For the last 8 years, this month’s guest blogger Naomi Wright and her husband David have run a dairy farm near Kendal in Cumbria. Naomi doesn’t come from a farming background however she has a unique insight and understanding of the difficulties the farming industry faces. Having recently qualified as a psychotherapist, Naomi’s passion and respect for farmers offers her the confidence to help farmers with their mental health.
Naomi explains: “My years involved in the farming community have developed my understanding and appreciation of life in farming. I believe that farming and rural communities will benefit in so many ways from opening up conversations about emotions and mental health difficulties.
“They (farmers) know what it means to let down those they love for the sake of animals or crops. They carry that with them. They put their heart and soul into their farm. It is their everything…”
“No community or industry is immune from mental health issues. This one, in particular, is at high risk and the statistics show many are not coping. We can talk about starting the conversation and opening up can hopefully achieve it, but what happens once it’s been said? After that we need mechanisms to cope and manage on a daily basis and when times get tough.
“There is a brilliant sense of community amongst farmers and comradery is apparent: “We are all in this together”. Farmers get why other farmers struggle. My sense, however, is that whilst farmers will help each other out on a practical level…lending machinery or feed, and happily talk about the price of milk ‘til the cows come home (I couldn’t resist)… They don’t know what to say, how to say it and why it is so important to do so.
“They may think it’s embarrassing and half of the time they probably don’t want to open up a can of worms. Farmers are battling finances, the weather, a market dictated price and family dynamics amongst their personal baggage. What part of that would make you want to open a whole new conversation about mental health?
“We need to make it about them. I have learned that I have to sell an idea to farmers. In this case, a suicide statistic isn’t enough. It’s not enough for the rest of the population, never mind the busiest, most isolated and proudest community of all.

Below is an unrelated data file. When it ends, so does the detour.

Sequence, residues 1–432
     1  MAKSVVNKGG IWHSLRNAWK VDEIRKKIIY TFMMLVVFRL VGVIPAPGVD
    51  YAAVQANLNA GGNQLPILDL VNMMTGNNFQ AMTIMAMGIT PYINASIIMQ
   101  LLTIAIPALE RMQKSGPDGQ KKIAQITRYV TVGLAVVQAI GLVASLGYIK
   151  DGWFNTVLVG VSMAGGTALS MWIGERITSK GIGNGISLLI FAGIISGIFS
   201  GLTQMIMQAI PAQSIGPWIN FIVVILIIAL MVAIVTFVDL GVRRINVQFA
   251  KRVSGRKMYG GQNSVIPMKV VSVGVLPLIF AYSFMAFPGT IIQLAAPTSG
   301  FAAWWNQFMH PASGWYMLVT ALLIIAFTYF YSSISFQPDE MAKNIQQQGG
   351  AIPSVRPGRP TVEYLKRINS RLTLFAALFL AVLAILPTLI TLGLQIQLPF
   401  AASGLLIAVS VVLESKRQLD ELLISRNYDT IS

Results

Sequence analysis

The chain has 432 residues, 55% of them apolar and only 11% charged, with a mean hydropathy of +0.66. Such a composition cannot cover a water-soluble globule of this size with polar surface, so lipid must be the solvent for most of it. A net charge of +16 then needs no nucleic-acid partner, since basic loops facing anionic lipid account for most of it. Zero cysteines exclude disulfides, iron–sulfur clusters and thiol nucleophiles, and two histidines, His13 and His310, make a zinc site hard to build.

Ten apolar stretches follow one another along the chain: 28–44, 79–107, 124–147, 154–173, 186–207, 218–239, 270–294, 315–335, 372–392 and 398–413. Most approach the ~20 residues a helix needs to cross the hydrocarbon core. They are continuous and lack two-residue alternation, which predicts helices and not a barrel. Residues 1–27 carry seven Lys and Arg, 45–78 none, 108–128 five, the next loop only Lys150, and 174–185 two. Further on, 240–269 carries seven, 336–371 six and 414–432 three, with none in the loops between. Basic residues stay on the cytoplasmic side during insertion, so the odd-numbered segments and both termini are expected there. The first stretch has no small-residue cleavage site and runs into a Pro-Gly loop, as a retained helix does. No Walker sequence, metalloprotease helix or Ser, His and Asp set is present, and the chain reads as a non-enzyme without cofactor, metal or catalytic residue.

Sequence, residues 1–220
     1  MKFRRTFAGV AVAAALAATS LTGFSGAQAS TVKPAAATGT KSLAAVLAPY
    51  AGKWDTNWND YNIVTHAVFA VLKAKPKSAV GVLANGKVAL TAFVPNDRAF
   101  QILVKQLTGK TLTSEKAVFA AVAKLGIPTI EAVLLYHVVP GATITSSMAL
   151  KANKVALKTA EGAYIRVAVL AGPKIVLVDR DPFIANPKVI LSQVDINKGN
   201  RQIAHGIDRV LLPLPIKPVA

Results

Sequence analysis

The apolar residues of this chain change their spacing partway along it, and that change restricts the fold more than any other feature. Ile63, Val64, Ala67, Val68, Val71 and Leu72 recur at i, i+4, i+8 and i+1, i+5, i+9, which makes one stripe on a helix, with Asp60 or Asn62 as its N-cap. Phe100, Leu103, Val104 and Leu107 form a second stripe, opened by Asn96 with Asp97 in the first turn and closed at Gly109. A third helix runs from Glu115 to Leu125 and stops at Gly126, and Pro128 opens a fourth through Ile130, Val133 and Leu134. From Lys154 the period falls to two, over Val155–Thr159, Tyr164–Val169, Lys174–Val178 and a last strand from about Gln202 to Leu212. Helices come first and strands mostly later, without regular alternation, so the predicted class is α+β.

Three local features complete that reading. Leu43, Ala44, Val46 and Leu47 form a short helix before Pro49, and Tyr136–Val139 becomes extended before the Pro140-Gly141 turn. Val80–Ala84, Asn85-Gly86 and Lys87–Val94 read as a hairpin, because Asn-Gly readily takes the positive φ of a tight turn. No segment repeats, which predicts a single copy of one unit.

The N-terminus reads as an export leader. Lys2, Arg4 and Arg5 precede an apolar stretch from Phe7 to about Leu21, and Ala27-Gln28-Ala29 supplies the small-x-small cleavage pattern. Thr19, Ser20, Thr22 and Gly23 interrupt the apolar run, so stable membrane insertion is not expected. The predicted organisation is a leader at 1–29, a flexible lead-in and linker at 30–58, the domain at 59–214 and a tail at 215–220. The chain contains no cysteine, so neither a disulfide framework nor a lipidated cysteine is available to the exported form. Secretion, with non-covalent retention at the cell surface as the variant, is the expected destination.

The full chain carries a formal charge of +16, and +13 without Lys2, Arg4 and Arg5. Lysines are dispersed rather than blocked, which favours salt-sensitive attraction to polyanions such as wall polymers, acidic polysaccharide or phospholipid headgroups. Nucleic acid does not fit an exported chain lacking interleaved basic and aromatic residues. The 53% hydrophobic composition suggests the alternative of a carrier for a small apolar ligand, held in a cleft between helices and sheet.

So how do we sell openness, vulnerability, self-care and maybe even therapy to them?
To start off with, there is increased efficiency/income, a happier life and potentially more young people wanting to join the industry. Then there is improved physical health, stress reduction, improved animal welfare, improved communication & relationships and a greater sense of community. The list goes on…
“So what do farmers need to be resilient, happier, more successful?
- Back up plans; support staff, contingency plans, diversification support. They need this to be able to take time off, cope when disasters happen and see a future beyond 16 hour working days for the next 60 years.
- Business and management training and support.
- Local support groups CLICK HERE
- Therapy – We can all benefit from therapy but for me it feels even more crucial within the isolation of farming. Contact with people outside your circle is few and far between unlike other industries, so a therapist fits perfectly as the impartial person who can offer a safe, separate and supportive environment which could make all the difference.
- Self-care – I honestly believe farmers need self-care to be a part of daily life. Many can’t take a sofa day, haven’t heard of a charcoal face mask and don’t have the time or energy for hobbies and holidays.
The modern-day idea of taking mental health days off work is impossible for farmers who don’t even take sick days when they’re vomiting, have flu or broken fingers! Regular emotional self-care for farmers looks to me something like this: regular scheduled time away from the farm, structured administration time, mental stimulation outside of farming for example listening to podcasts and regular contact with someone who they can share their worries with. Then there is physical self-care. Farming is hard on your body and I believe encouraging farmers to look after themselves physically is a huge factor in building their resilience. Furthermore, they are often sleep deprived, injured or just living with pain which adds to feeling stressed and depressed. Small changes like not missing dental/medical appointments, exercise away from the farm, rest, and scheduled early nights or lie ins can go a long way.
“Essentially I believe that if farmers can get in touch with their minds and bodies and truly begin to care for them, their lives will improve in every area.”
If you want to follow Naomi on social media her Facebook, Twitter and Instagram handle is @therapywithnaomi
Over the next three months, the Farm Safety Foundation, alongside Rural Support and Embrace FARM will be highlighting the issue of building farmer resilience in a series of three conferences. The first takes place this week at CAFRE in Northern Ireland, the second one will be next month in Portlaoise, Co Laois and we will be hosting the final conference at our funder NFU Mutual’s Head Office in Warwickshire. Keep a look out on our social channels for updates.